In his text in Yoko Ono: Sky TV for Hokkaido, Hendricks recalls, “Gradually the soul of the house began to emerge.” A collaborator from Tokachi Mainichi Newspaper Company, he notes, managed to find old tatami mats, which they used to fill “nearly all the spaces that required them in the house.” Around the property, other workers cut down overgrown bamboo and “a tangle of vines and dead trees.” They “began to make discoveries,” Hendricks writes, including “scraggly cherry trees that had once been planted and now were nearly destroyed in their struggle to survive.” He remembers that “one of the most beautiful discoveries was an arm of earth that surrounded the windward side of the house.” About six feet high, this barrier had allowed “the wind to hit and bounce over the house to keep the drifting snow from burying it.”
Today, different configurations of now antique-looking Hitachi television sets, with their silver-gray plastic casings, appear in the various rooms of the house. They are all connected to a video camera perched atop a pole situated some 1640 feet away, which sends a feed to all of the sets of the same view of the sky. To be alone in any room of the otherwise empty house with nothing but a video image of the sky is to feel its spiritually uplifting power.
With their sense of ambient energy and intangible companionship as they provide a peculiar, fleeting form of “decoration” (in a strange way, Ono’s “Sky TV” units take the place of the artworks one would normally expect to encounter in such a traditional Japanese environment), the TV units emit the glow of a steady but ever-changing image, one that is as soothing and tranquil as ordinary television is jarring and annoying, turning each room into a kind of comfortable — and deeply comforting— meditation chamber.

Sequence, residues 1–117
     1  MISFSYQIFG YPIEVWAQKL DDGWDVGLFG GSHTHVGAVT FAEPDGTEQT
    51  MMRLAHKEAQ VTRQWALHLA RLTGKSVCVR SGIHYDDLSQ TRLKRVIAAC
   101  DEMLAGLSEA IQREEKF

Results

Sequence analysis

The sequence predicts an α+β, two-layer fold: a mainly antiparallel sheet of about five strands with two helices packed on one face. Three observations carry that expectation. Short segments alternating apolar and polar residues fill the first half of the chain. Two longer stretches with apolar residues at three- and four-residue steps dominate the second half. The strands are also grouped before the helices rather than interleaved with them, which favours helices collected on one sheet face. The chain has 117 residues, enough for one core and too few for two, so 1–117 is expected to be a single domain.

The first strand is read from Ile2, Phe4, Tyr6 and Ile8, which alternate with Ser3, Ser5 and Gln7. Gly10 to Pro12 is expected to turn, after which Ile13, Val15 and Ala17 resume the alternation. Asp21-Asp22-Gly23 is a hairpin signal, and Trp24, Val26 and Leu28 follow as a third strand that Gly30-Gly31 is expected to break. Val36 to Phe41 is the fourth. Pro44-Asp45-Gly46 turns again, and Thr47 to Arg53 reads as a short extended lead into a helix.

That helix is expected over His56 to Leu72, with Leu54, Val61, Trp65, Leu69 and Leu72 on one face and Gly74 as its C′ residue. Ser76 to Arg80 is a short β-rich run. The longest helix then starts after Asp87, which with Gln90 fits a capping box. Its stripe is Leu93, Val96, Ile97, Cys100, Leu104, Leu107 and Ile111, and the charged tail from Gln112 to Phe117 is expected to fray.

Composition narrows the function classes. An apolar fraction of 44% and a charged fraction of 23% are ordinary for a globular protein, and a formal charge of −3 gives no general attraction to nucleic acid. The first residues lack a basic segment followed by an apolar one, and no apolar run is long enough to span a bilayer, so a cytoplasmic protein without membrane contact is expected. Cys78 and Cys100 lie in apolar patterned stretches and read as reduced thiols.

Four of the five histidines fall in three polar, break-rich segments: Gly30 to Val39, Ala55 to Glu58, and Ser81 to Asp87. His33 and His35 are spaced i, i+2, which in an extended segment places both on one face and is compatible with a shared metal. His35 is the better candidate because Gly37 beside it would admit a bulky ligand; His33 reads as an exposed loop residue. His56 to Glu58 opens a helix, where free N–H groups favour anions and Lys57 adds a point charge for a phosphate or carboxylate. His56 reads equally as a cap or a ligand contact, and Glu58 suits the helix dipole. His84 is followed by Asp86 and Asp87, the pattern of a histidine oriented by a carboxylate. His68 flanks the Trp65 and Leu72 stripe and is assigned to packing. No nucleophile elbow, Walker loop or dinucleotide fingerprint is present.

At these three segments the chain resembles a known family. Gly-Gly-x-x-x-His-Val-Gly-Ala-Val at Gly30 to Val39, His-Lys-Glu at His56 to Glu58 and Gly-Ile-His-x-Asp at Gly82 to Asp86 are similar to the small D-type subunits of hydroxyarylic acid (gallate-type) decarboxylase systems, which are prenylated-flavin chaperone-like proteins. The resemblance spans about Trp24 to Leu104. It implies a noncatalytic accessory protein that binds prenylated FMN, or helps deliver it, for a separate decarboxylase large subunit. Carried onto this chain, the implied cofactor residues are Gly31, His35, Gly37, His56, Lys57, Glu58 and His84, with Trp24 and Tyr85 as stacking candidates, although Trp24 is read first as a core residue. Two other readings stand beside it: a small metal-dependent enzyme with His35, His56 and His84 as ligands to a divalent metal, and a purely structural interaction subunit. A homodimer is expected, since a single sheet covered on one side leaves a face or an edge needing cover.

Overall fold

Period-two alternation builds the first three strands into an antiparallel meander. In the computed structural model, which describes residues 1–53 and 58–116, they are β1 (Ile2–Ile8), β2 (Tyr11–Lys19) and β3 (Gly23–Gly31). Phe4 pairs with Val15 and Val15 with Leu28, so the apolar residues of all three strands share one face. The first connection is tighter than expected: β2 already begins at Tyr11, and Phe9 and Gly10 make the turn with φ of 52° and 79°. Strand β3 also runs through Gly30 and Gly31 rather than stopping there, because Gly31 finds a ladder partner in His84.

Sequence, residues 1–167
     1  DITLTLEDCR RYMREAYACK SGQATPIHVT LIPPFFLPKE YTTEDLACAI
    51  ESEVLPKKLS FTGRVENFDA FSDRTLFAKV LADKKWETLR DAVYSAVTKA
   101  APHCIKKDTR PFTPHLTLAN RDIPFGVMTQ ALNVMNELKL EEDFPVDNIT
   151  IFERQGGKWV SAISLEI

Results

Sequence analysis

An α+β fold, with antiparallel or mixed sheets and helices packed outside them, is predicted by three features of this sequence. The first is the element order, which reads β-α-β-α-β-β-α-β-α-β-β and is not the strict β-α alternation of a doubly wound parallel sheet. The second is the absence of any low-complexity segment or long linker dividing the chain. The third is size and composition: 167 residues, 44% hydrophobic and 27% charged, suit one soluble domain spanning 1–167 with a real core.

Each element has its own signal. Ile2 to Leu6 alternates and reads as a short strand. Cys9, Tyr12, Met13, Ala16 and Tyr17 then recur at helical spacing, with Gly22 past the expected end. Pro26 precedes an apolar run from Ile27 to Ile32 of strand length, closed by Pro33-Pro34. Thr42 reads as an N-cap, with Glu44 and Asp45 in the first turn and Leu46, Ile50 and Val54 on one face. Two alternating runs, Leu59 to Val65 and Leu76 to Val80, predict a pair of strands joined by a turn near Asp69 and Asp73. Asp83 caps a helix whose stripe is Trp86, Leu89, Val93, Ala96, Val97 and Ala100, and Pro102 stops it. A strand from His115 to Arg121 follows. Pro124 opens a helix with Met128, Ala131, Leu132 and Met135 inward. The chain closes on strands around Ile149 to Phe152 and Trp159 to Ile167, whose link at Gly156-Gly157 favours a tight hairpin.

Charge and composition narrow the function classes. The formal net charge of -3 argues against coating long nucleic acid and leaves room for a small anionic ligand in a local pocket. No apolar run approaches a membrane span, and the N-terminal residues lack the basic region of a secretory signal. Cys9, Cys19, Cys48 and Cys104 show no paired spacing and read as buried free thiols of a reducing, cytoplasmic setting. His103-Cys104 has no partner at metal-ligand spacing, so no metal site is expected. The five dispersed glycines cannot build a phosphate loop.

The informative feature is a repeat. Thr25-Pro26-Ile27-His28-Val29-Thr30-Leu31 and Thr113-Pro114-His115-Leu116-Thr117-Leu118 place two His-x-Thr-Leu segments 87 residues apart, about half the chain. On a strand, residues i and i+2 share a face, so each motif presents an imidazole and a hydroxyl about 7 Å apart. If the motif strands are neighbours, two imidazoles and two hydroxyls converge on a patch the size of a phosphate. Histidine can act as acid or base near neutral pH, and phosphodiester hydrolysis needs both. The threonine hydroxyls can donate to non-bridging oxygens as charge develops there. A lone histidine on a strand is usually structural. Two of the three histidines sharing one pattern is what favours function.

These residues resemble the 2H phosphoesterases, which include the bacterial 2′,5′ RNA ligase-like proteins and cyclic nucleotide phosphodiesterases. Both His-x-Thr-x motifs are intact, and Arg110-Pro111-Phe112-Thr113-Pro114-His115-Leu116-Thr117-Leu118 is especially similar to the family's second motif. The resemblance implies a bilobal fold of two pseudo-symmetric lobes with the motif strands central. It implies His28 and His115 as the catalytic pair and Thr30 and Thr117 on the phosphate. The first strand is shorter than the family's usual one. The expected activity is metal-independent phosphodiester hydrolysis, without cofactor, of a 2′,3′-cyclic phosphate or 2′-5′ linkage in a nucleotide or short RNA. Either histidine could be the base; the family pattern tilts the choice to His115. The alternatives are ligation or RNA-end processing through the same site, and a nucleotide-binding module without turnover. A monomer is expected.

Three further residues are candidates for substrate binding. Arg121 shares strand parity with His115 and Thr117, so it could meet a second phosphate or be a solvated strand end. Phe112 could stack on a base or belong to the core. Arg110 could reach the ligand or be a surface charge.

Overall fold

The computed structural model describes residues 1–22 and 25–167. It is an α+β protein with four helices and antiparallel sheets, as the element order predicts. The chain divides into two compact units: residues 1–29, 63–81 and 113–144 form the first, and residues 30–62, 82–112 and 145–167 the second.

In this isolated, almost unimaginable setting, given how ubiquitous video images have now become, it is easy to forget just how subversive Ono’s “Sky TV” originally was in its seizing control of the power of the broadcast image and the technology that produced it.
At her organization’s offices in Tokyo, P3 art and environment’s Shinobu Ito told me, “In 2005, to inaugurate ‘Sky TV for Hokkaido,’ Yoko Ono visited the old house in Tokachi Millennium Forest and at that time also created a version of her ‘Blue Room Event’ inside.” That word-based work, dated 1966/2005, consists of instructions written by the artist directly onto the peeling interior walls of the uninhabited farmhouse. They included such koan-like mind-benders as “This room slowly evaporates every day,” “This is the ceiling,” and “Find other rooms which exist in this space.” Ono has written that she created “Blue Room Event” decades ago as “an act of rebellion” by “a woman who lived in a small apartment in New York City, where there was hardly a piece of furniture or small view from two small windows.” Ultimately, this work suggests, all the Lebensraum you’ll ever need is in your mind.